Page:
The Eighth Station: Jesus Consoles the Women of Jerusalem

Saulgau_Antoniuskirche_Kreuzweg_Fugel_Station_08

We adore You, O Christ, and we bless, You, because by Your holy cross you have redeemed the world.

A great number of people followed Him, including women who kept mourning and wailing for Him. But Jesus turned to them and said, “Daughters of Jerusalem, do not weep for Me, but weep for yourselves and for your children. Look, the days are coming when people will say, ‘Blessed are the barren women, the wombs that never bore, and breasts that never nursed.’ At that time,‘They will say to the mountains, “Fall on us,” and to the hills, “Cover us.” For if men do these things while the tree is green, what will happen when it is dry?”

What consolation is this?

Why would anyone refer to this station as “Jesus Consoles the Women of Jerusalem?”

It sounds like something out of a nightmare. Here is a Man, beaten to the point of death, bleeding out, his head covered in a cap of inch-long thorns, dragging a cross out to his own lynching. You’re so terrified, you start to cry, and then he turns to you.

“Do not weep for Me, but weep for yourselves and for your children.”

At that point, you’d expect to wake up screaming, but you don’t, because it’s real. And they drag the Man away and kill Him, leaving you to wonder what he meant.

“Do not weep for Me, but weep for yourselves and for your children. Look, the days are coming when people will say, ‘Blessed are the barren women, the wombs that never bore, and breasts that never nursed.’”

Those days are already here, aren’t they?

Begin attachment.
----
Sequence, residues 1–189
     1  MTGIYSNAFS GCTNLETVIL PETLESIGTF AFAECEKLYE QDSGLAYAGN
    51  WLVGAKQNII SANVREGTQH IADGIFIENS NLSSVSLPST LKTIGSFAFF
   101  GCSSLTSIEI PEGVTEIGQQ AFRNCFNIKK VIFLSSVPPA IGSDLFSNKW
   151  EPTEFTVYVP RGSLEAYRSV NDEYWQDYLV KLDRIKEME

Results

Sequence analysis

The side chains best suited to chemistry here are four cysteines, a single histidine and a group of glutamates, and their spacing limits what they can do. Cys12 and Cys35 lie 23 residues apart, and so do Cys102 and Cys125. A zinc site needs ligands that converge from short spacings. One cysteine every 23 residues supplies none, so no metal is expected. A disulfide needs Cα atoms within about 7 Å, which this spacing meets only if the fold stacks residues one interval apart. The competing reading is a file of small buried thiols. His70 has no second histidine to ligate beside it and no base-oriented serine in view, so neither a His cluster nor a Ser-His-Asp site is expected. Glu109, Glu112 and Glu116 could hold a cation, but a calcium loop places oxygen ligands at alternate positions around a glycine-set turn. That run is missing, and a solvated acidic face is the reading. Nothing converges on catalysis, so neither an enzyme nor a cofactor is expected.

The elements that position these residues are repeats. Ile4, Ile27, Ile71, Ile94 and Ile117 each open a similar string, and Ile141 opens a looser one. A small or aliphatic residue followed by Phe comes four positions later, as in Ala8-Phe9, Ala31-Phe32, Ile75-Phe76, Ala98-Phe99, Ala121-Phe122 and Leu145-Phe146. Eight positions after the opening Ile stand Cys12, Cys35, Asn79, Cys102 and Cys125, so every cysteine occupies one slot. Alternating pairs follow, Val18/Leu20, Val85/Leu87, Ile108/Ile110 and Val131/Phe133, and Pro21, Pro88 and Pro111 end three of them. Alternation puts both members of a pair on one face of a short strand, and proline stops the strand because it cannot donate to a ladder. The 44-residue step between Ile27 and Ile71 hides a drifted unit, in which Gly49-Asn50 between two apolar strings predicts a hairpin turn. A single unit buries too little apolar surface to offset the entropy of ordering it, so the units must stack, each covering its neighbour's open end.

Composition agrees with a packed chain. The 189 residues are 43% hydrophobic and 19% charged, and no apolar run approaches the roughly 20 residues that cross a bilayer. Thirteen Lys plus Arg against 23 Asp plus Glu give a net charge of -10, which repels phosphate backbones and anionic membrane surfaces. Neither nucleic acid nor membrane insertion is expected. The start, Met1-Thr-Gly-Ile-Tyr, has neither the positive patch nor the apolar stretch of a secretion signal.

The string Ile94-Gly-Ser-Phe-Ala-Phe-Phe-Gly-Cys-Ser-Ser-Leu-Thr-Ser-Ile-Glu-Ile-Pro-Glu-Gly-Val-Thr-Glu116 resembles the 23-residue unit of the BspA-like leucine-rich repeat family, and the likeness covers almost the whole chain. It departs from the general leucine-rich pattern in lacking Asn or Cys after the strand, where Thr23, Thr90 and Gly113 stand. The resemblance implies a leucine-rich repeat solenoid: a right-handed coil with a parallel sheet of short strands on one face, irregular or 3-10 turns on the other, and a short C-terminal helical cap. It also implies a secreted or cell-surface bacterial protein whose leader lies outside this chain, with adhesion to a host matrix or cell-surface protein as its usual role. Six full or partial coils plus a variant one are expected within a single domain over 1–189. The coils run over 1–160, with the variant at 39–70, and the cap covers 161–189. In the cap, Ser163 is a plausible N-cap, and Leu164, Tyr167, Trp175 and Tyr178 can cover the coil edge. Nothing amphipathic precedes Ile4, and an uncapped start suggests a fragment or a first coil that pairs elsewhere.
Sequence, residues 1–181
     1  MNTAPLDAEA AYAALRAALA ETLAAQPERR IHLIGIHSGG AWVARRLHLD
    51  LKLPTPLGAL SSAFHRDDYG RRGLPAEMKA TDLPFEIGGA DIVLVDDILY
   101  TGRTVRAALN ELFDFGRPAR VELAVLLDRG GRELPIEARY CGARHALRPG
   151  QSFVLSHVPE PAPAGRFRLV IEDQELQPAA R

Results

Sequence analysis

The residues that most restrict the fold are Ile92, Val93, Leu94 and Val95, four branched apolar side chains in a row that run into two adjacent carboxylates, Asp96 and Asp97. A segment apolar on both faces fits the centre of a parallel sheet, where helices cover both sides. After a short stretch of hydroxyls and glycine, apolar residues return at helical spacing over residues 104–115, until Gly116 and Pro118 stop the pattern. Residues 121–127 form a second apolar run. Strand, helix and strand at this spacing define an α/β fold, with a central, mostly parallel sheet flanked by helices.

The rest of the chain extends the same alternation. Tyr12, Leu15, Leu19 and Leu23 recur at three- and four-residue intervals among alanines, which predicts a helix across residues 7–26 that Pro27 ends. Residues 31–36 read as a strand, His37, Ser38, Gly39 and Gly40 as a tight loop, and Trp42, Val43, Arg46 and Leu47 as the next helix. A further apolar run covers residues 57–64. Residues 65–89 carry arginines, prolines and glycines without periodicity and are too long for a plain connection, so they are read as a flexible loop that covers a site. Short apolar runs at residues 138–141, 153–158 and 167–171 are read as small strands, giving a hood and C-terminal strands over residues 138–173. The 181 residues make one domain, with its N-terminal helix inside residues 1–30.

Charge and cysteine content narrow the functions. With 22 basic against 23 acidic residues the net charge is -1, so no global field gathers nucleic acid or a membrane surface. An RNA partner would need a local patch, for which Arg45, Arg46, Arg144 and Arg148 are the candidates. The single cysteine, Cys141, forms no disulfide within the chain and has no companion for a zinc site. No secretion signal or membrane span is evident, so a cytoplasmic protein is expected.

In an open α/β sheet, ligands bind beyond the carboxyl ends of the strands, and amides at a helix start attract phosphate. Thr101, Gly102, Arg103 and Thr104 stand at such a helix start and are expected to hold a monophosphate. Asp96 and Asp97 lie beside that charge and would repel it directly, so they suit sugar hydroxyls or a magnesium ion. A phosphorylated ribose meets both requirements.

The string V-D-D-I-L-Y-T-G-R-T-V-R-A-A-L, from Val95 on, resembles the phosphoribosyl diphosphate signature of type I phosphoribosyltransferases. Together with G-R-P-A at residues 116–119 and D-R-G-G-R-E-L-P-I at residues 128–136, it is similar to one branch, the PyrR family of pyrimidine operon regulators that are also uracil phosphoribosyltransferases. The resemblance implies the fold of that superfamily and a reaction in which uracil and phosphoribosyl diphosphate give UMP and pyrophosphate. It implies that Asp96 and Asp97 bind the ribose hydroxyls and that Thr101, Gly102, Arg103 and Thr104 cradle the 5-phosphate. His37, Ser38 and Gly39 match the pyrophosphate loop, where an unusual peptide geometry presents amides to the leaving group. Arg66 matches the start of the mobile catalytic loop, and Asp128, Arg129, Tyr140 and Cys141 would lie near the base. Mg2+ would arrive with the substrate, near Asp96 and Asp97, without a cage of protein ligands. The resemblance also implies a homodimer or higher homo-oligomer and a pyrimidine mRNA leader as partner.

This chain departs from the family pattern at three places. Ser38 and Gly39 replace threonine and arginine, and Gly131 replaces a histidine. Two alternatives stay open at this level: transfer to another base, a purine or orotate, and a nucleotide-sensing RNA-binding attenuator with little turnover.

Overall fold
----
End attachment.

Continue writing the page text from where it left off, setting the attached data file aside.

To be a mother is dreadful. Not dreadful as in very bad, but dreadful as in something that fills you with dread. The baby comes to you in an agony of blood and pain; then your heart is torn open with impossible love, and you know you’d do anything to make them safe and well. You have to make them safe and well. Your whole body and soul are irrevocably changed and you must, whatever the consequences, make your child safe and well.

But you can’t.

No mother can make her child safe and well. We live in a fallen world, in an accursed time where mothers cannot make their children safe or well. We live in a world where mothers must take their children and hide in the basement from bombings; where children are afraid to go to sleep, because night is when the explosions begin. Mothers take their children and fly to the border for safety, but they find no solace, only a prison. Mothers take their children onto rafts to flee for their lives, and the children drown. Children are taken away and raped, jailed, tortured, forced into combat, sold into slavery. Children starve to death.

And this horror comes to every mother. No matter how rich or safe or healthy you are, the day will come when your children suffer and you can’t make it stop. Not even a perfect mother can make it stop.

Someday, your child will die, and you won’t be able to make it stop. I’m trembling with dread as I type these words right now, but I know it’s true. Death comes to every human being, and I can’t make it stop. Not if I hid in the depest recesses of the earth– not even if I said to the mountains, “fall on us,” and to the hills, “cover us.” No mother can make it stop.

Not even the Mother of God could make it stop.

When the wood was green, Herod sent his soldiers to massacre the children of Bethlehem; the Mother of God took her Son and fled into Egypt. Now that the wood is dry, her Child stumbles under its weight, all the way to Calvary, and no one can make it stop.

Now it is the Son of God who is bleeding and in agony. He has watched His beloved sons and daughters suffer and die from the beginning of time, and He will watch them until suffering and death are no more. Today, He is in labor with the New Creation. His heart will be torn open, to make His children safe and well.

Perhaps that’s the consolation– the terrible, dreadful consolation to the women of Jerusalem.

The Son of God knows what it is to be a mother.

(image via Wikimedia Commons)

Steel Magnificat will be meditating on the Way of the Cross on Wednesdays and Fridays throughout Lent. All Stations are linked in this post.

 

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